Who Pays When Another Driver Is in a Crash With Your Car?
It is pretty straightforward that when you cause an accident with your car, your car insurance will often pay for the damages involved. However, you may wonder what happens when the person driving your car isn’t you when an accident occurs. Will the fact that you weren’t behind the wheel prevent you from making a claim?
Auto insurance in Colorado follows the car, not the driver. However, the matter of whose insurance pays will depend on who was at fault. Therefore, if someone drives your car and crashes, you may be held liable for the expenses. Luckily, our lawyers at Mintz Law Firm are here to help you if you ever find yourself in this legal predicament.
Auto Insurance Coverage in Colorado
Every insurance policy in Colorado must include three basic liability coverages at a minimum:
- Bodily injury liability coverage for a single person in an accident the policyholder causes: A driver must have at least $25,000 in coverage for this liability. If you cause an accident and a single person is injured, this coverage comes into play to cover their medical expenses and damages.
- Bodily injury liability coverage for a total accident: Suppose you cause an accident that injures multiple occupants in the other vehicle. In that case, you must have at least $50,000 in this form of coverage to compensate for medical expenses and other damages.
- Property damage liability coverage: An at-fault driver is responsible for repairing or replacing the other driver’s vehicle. Colorado drivers must have at least $15,000 in property damage liability coverage.
While not required, it is advisable to purchase an uninsured motorist policy. This will come in handy if you’re involved in an accident involving an at-fault uninsured motorist. While this coverage may not cover all the damages, it will provide some relatively quick compensation while you work with our lawyers to take some legal action against the at-fault driver.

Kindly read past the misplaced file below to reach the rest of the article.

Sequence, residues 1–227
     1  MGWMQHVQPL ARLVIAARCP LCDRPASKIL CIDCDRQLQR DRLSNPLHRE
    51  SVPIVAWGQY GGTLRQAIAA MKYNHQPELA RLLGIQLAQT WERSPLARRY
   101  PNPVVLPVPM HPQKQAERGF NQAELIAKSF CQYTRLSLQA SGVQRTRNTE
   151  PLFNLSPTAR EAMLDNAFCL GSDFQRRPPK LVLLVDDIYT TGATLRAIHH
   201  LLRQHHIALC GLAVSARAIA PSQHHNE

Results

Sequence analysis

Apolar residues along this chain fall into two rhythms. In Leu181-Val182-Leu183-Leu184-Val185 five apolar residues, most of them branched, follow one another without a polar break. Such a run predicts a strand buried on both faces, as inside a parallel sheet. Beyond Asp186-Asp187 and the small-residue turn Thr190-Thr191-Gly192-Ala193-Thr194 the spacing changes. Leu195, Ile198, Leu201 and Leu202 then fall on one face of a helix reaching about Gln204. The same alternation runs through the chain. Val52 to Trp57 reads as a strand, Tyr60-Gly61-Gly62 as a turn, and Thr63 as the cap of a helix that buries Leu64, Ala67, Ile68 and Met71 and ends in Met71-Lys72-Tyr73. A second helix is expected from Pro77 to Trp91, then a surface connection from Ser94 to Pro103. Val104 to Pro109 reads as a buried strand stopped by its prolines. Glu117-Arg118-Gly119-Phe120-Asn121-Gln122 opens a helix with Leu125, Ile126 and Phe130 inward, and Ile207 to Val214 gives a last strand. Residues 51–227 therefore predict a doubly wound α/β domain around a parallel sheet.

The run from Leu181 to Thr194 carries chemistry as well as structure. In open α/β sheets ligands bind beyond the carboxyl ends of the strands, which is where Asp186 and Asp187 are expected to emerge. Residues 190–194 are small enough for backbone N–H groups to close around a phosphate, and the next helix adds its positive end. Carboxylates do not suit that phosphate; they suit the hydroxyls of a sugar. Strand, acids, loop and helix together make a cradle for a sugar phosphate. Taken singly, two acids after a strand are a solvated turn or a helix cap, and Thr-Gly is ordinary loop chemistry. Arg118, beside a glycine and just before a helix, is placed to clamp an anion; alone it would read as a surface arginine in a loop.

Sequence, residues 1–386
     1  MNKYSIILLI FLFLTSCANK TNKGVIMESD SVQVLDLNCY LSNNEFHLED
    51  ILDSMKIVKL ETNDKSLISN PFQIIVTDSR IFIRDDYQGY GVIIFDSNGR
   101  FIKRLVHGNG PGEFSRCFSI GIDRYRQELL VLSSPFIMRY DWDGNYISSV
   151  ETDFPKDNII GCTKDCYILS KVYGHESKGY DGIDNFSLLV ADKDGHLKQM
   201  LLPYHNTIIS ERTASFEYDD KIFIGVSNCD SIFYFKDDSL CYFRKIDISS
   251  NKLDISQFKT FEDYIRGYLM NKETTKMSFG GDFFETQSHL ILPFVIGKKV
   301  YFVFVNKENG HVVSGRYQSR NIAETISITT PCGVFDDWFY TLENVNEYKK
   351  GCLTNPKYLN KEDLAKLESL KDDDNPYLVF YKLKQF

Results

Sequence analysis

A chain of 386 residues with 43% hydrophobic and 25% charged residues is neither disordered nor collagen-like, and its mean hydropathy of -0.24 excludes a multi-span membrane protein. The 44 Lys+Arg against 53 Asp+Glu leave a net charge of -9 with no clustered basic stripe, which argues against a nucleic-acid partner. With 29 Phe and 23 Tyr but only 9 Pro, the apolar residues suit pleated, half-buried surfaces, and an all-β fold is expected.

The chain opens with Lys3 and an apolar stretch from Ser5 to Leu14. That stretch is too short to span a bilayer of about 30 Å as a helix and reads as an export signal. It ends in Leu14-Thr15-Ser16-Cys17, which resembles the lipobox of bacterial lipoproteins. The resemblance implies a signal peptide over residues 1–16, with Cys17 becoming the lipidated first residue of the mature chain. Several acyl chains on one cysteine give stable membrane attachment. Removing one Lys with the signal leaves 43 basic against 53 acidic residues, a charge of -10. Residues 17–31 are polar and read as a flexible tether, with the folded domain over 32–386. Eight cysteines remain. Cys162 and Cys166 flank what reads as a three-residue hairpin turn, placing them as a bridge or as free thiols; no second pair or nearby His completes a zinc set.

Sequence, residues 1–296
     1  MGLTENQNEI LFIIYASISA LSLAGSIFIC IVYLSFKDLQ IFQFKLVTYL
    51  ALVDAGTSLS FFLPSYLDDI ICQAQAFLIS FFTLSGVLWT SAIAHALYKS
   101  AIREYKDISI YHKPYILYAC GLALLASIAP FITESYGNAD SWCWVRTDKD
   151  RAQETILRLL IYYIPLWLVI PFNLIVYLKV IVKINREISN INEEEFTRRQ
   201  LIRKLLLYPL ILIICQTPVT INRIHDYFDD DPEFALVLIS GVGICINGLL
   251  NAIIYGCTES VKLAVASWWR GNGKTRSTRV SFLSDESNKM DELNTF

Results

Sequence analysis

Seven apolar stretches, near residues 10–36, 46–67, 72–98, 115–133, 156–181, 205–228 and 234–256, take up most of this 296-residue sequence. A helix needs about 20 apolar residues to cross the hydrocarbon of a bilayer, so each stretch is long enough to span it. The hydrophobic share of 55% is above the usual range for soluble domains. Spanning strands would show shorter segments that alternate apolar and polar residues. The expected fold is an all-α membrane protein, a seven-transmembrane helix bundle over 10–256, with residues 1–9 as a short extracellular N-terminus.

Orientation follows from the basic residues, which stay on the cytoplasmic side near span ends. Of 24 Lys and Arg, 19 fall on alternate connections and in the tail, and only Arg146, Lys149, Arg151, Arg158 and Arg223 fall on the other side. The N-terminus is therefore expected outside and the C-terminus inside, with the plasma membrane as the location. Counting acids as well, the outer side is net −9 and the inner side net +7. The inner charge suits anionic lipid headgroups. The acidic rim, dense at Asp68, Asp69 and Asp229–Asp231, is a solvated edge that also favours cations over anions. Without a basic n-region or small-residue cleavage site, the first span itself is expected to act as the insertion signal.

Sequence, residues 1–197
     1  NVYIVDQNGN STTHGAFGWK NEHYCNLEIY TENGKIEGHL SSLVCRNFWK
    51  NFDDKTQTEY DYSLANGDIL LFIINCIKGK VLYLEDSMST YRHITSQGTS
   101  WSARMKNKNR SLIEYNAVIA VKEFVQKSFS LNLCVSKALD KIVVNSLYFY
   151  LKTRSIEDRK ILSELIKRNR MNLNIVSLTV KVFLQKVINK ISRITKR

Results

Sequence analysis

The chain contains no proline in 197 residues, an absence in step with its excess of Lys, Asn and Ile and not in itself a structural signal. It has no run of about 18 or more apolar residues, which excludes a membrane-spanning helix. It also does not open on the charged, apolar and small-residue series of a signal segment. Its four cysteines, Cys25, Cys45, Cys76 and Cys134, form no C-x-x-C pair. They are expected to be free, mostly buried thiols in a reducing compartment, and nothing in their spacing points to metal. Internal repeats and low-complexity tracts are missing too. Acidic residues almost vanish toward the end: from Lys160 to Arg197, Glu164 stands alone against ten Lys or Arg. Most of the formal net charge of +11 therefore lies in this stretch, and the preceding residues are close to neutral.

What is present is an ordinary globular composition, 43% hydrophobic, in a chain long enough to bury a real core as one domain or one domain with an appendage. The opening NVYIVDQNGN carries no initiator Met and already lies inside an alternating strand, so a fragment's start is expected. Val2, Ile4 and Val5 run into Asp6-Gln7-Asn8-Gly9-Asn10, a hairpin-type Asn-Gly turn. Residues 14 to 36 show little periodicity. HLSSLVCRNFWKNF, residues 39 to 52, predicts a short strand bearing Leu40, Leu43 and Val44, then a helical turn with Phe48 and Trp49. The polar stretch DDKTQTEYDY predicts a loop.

What Happens if the At-Fault Driver Wasn’t the Person Driving Your Car?
Colorado is an at-fault state. This means that in an accident if the driver at-fault isn’t the one driving your car, you can file a claim with their insurance company to recoup losses and damages.
The person driving your vehicle has the right to seek compensation for their injuries from the at-fault driver’s policy. Additionally, you can claim vehicle repair costs from the at-fault driver’s policy.
Who Can or Should Not Borrow My Car in Colorado?
Who borrows your car is at your discretion. However, allowing some drivers may lead to legal penalties or higher car insurance premiums if they cause an accident. These drivers include:
- Unlicensed drivers
- A driver who has had their license suspended
There are ‘named driver policies’ that only cover drivers who are explicitly named on the policy. This means that accidents are not covered if you let someone who is not named on your policy drive your car. In Colorado, insurance companies are legally allowed to reduce coverage limits for any driver not explicitly listed on your policy.
Suppose the driver behind the wheel is listed in your policy. In that case, your insurance is considered the primary insurance in an accident, regardless of whether you are in the car with that person or not or whether the person has their own insurance policy or not.
What Happens if the Damages Caused by the Accident Exceed Your Policy Coverage?
If the person driving your car is uninsured, you can be left in an awful spot if the damage your friend causes exceeds your policy limits. Your personal assets will be at risk, as the injured party can come after you for medical and property-damage expenses. However, if the person driving your car is insured, their car insurance becomes the secondary coverage in case your policy limits are exceeded.
If you are in a predicament in which the person driving your car was uninsured, your car accident lawyer will help you explore your options.
What Happens if Someone Borrows Your Car Without Your Permission and Crashes It?
An insurance company will assume that permission was granted unless explicitly proven otherwise. This will be a case of an unauthorized use, not theft. In this case, if the driver is insured, their insurance becomes the primary insurer in the accident.
However, if they are not insured, your collision insurance will cover damages to your own car, and your liability insurance may cover damages to others’ property.
Get in Touch With an Experienced Colorado Auto Accident Lawyer Now
Getting paid the amount you deserve for damages and losses after an auto accident is no easy task. At Mintz Law Firm, we understand that you need a compassionate lawyer who has your interest at heart to help navigate this complex process. For instance, if the at-fault driver’s insurance is unable to cover the damages to the vehicle and victim(s), they are personally liable.
If you live in Colorado and need assistance with any of the above-mentioned situations, reach out to Mintz Law Firm to sort out the settlement. Our Colorado personal injury lawyers can even fight for you in court if it ever comes to that. You can rest assured that we will be available to you and offer you all viable options for your case. Contact us at (303) 462-2999 now or fill out our contact form for a free consultation.